But what is most valuable book is, as Malcolm X himself says, its sociological import. The first time I read this, I thought of it mainly as a historical document. Yet the sad truth is that Malcolm X’s story is still very much possible—indeed, a reality—in the United States. All of the essential ingredients are still there: segregation (de facto if not de jure), limited job opportunities, and mass incarceration. Indeed, while some things have gotten better, and much has remained the same, in some ways things have gotten worse. For example, the US certainly imprisons more people nowadays (disproportionately POC) than in Malcolm X’s day. There is still a direct pipeline from the failing public school in the black neighborhood to the prison cell.

Malcolm X is often contrasted with Martin Luther King, Jr., for presenting a “violent” alternative to King’s non-violence. But the perspective that Malcolm X consistently articulates cannot be simply boiled down to violence. His essential point is that, if any group of people in the world had been treated like black people in America have been—enslaved, lynched, legally disenfranchised, economically shut out, thrown into jails—then they would be well within their rights to fight back, “by any means necessary.” One can hardly imagine a group of, say, German immigrants, after undergoing such an ordeal, marching “peacefully” for their rights. Few ethical or legal codes prohibit self-defense. And it is the height of moral hypocrisy to hold the oppressed to a higher ethical standard than the oppressors.

The best response to this I know is from James Baldwin, who, while conceding the premises, wrote: “Whoever debases others is debasing himself.” In other words, if blacks did unto whites what whites did unto blacks, they would do spiritual damage to themselves. Now, not being of any religious bent myself, I at first treated this as a vaguely mystical sentiment. But I have to admit that, during the presidency of Donald Trump, I gradually came to see the real, practical truth in this statement. Racism is really a kind of psychic rot—not localized simply to our attitudes about race, but spreading in all directions, poisoning our sense of justice, spoiling our intelligence, stultifying our emotions. Though Malcolm X never gave up his insistence on the right to self-defense, he agreed with Baldwin in treating racism, not simply as a matter of prejudice to overcome, but a gnawing cancer at the heart of the country, capable of destroying it. And, for my part, I am no longer inclined to view such statements as merely rhetorical.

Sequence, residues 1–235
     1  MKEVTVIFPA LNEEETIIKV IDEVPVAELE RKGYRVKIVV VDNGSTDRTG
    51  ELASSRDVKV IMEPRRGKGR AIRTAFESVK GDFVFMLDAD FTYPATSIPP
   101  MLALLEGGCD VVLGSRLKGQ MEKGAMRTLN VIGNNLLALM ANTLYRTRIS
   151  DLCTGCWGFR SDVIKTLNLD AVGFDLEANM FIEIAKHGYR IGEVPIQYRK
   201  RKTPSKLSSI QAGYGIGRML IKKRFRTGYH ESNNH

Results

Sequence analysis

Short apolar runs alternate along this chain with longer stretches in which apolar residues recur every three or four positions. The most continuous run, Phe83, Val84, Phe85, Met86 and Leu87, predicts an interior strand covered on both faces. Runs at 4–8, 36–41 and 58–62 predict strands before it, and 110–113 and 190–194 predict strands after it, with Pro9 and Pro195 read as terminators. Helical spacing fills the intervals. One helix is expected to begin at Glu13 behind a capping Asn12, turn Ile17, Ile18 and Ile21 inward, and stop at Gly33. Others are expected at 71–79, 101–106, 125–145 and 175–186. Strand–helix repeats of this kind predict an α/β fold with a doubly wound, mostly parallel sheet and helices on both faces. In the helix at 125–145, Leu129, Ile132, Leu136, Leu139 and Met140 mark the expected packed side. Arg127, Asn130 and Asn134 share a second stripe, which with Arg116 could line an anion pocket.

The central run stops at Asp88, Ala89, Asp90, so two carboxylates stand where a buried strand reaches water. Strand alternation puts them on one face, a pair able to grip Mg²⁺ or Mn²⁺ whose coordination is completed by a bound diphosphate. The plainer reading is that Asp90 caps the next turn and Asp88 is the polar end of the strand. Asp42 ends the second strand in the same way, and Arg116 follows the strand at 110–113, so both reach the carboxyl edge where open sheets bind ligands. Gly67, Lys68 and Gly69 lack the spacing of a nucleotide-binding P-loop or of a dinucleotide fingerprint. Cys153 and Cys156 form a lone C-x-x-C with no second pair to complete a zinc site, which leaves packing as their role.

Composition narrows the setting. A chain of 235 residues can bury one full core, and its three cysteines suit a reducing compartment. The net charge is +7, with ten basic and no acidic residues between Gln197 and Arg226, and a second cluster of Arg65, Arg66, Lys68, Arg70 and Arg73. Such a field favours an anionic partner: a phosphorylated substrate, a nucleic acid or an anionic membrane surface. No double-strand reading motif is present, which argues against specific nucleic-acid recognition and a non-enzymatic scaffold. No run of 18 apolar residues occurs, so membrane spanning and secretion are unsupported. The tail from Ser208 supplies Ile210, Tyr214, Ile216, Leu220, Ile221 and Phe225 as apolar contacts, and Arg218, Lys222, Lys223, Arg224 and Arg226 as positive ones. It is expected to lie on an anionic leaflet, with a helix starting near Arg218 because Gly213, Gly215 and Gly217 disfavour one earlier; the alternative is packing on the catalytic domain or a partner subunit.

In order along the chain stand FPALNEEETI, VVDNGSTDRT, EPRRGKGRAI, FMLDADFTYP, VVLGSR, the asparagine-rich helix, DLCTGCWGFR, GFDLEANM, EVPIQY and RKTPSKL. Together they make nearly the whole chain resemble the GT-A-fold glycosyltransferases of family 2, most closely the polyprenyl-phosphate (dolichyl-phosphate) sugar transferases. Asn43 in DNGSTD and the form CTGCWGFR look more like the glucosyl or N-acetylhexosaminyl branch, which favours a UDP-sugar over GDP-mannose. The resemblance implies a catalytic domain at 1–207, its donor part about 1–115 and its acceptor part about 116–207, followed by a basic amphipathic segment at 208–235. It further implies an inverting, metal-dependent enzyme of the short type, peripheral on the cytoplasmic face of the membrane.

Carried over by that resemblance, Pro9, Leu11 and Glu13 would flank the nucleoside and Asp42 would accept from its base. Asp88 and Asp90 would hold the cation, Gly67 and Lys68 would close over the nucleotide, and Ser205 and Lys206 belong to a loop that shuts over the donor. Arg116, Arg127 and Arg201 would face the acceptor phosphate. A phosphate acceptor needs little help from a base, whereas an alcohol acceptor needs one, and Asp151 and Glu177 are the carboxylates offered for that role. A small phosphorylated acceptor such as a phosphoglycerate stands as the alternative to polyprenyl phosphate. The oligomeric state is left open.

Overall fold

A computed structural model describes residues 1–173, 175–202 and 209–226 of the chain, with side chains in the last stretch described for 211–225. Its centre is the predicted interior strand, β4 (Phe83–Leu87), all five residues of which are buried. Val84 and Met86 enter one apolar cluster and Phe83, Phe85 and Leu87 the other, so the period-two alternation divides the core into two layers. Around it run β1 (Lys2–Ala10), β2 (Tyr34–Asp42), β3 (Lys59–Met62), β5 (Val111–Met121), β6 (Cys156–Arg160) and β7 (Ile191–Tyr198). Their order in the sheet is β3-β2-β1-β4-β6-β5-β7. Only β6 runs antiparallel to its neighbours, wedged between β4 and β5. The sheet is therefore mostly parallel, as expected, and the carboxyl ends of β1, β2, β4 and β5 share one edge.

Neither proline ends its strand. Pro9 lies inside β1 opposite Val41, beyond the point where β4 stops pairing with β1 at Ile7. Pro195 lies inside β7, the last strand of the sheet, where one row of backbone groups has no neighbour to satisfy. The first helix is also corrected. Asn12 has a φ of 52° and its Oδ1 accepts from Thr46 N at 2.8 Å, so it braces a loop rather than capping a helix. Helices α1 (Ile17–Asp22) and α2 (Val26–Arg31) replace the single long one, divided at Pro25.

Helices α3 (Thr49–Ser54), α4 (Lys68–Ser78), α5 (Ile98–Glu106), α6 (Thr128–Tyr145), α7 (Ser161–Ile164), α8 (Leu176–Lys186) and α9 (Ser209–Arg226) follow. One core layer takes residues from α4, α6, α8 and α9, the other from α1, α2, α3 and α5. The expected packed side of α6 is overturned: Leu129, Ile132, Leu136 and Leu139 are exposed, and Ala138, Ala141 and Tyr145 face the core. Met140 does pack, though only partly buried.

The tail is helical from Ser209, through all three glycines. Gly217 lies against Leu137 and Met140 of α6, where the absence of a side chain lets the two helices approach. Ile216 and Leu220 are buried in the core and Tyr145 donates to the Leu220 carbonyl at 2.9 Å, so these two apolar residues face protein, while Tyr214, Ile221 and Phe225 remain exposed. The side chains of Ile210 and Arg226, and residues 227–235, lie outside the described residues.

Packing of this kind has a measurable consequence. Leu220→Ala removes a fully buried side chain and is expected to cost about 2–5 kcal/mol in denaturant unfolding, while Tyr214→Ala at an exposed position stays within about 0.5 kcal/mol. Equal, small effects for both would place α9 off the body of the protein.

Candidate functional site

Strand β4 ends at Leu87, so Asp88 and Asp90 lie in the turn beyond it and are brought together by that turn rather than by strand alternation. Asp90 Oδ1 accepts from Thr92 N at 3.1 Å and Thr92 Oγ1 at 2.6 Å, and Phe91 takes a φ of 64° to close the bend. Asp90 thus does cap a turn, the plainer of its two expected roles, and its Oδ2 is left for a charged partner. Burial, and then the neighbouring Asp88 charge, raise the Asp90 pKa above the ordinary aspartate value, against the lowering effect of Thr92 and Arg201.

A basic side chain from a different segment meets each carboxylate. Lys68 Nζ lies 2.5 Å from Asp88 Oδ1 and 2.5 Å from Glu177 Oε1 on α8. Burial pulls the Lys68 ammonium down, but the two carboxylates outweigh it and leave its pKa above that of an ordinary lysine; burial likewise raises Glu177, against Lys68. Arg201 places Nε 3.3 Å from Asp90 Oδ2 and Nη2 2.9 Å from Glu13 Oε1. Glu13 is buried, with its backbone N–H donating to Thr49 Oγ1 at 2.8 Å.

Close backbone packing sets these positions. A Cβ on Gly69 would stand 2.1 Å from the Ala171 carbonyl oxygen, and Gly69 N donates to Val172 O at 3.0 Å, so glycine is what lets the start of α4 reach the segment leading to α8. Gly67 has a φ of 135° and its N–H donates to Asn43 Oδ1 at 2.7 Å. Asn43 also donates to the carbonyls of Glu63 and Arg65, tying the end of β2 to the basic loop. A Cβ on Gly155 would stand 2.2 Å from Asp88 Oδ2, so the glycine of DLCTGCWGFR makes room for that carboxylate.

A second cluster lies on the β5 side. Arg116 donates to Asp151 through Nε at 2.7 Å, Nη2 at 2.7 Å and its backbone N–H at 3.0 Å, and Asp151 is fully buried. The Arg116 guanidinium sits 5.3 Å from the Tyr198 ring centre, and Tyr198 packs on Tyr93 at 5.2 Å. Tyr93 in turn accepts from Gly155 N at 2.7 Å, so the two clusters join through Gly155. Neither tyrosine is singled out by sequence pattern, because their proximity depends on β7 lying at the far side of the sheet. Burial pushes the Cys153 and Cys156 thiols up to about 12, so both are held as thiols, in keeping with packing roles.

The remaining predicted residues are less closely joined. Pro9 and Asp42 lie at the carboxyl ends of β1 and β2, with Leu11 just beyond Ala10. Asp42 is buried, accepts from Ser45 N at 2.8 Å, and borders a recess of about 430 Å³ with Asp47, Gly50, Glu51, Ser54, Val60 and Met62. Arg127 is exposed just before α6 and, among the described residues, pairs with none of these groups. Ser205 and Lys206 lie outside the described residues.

So in addition to being a thrilling story, wonderfully told, The Autobiography of Malcolm X presents us with a challenging indictment of America—still as true and valid as when he spoke it, fifty five years ago. I think any citizen will be improved by wrestling with Malcolm’s story and his conclusions. But let us not forget the personality of Malcolm, the man—someone who radiates genuine charisma. For my part, what I find most appealing and inspiring in Malcolm X is his intellectual side. Deprived of a formal education, he largely educated himself in prison by reading voraciously. And this curiosity stayed with him all his life. He recounts the thrill of debating college students—white and black—during his speaking tours, and speaks wistfully of going back to school to get a degree, and filling up his days studying all sorts of arcane subjects. In a saner society, Malcolm X would certainly have become a respected member of the intelligentsia, pushing the bounds of knowledge. It is up to us to create such a society.



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Ancient Cities: Naples and Pompeii

Ancient Cities: Naples and Pompeii

Naples

Compared to Rome, Florence, Venice, and Milan—all meccas of European travel—Naples is like a disreputable cousin, or worse. Known for being dirty, run-down, and crime-ridden, Naples has none of the chic of Lombardy and none of the rustic charm of Tuscany. But this shady reputation has some advantage; for unlike those more popular destinations, Naples is still very much a city for Neopolitans.

Our plan to visit was multi-pronged. My brother Jay and my friend Greg had Fridays free, while myself and my friend Holden had Monday off. This led us to a strange, staggered schedule, wherein Jay and Greg would arrive Friday and leave Sunday, while Holden and I would arrive Saturday and leave very early Monday morning. But sometimes it is worth a bit of awkwardness and inconvenience to be with friends.